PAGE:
west with ample water power for 40 stamps and timber in abundance for
all purposes, and situated below snow line and easy of access winter and
summer. This property lias been equipped with an arasta of large
dimensions and of course made a failure. But when one considers the
management and the way the arasta is built it leads one to believe it
was built for a salmon hatchery. Mr. Jenks will put in a stamp mill to
reduce ore and it is sure to make, under good management, a dividend
The Helena is another of the many very rich mines of our Bohemia
which unfortunately at present is under litigation. But its vast rich
ness makes it a wonder to the casual observer. There is noplace in it
where one cannot stand with his his light without seeing gold and out
side in the bin there is piled about 2,000 tons of ore and anywhere one
looks s;old is plainly in ev deuce. This may seem a fish story but some
fish stone; are true and the litigation is the bar from a big mill going in
at an early date.
The Noonday is making preparations to rebuild their tramway pre
naratory to starting their big 20 stamp mill at an early date There is
in this m'ne some ood feet of tunnels which does credit to the manage
ment for systematic timbering and from the large amount of ore blocked
out there is no reason why the mill cannot run steady for years to come.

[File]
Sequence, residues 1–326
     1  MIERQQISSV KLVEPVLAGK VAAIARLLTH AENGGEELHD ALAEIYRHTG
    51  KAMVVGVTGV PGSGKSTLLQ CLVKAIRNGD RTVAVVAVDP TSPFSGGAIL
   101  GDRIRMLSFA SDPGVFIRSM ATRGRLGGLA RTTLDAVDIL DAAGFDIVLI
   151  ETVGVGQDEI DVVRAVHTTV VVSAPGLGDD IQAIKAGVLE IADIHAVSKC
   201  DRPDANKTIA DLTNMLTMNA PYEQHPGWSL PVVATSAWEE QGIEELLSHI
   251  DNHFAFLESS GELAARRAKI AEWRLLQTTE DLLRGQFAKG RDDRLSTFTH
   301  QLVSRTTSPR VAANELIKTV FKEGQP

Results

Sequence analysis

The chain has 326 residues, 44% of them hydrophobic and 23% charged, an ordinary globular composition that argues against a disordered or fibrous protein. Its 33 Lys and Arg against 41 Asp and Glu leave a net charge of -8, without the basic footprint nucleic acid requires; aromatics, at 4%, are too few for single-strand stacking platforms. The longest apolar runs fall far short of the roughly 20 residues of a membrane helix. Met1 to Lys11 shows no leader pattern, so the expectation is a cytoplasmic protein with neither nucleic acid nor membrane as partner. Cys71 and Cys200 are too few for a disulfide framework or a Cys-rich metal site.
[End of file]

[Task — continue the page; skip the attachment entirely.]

The Champion group lies dormant at present but bad management
put it there. They have a fine group and an immense amount of good
develooment done in good ore and a fine 10 stamp mill. Companies
investing anywhere in mines should put in competent men to look after
their affairs for there has been more failures in mines for inexperience
I than most other causes. True some
good as others but when a mine has 1,000 leet of work done in $30 or
$40 ore and a ledge 3 or 4 feet in width and a good mill, there must be
something in the management. Such is the case with the Champion.
Mr. W. W. Hawley the Bohemia freighter gives notice that his
freight wagon will leave Cottage Grove every day, for Bohemia, and at
Bohemia station he will have a pack train to distribute freight to patrons.
The J. I. Jones property on City creek is another fine group, also
the Confidence owned by J. V Cook and Jas. Hetnenway on Steam
boat, and the Grouse Mountain group owned by Johnston, Klopenstein
and Hawley; the Lake owned by Jenks & Higgins; the Big.Iumix
owned by White Bros. ; the Hinds group and many others to numerous
to mention; but mines of no less note could be worked if there was only a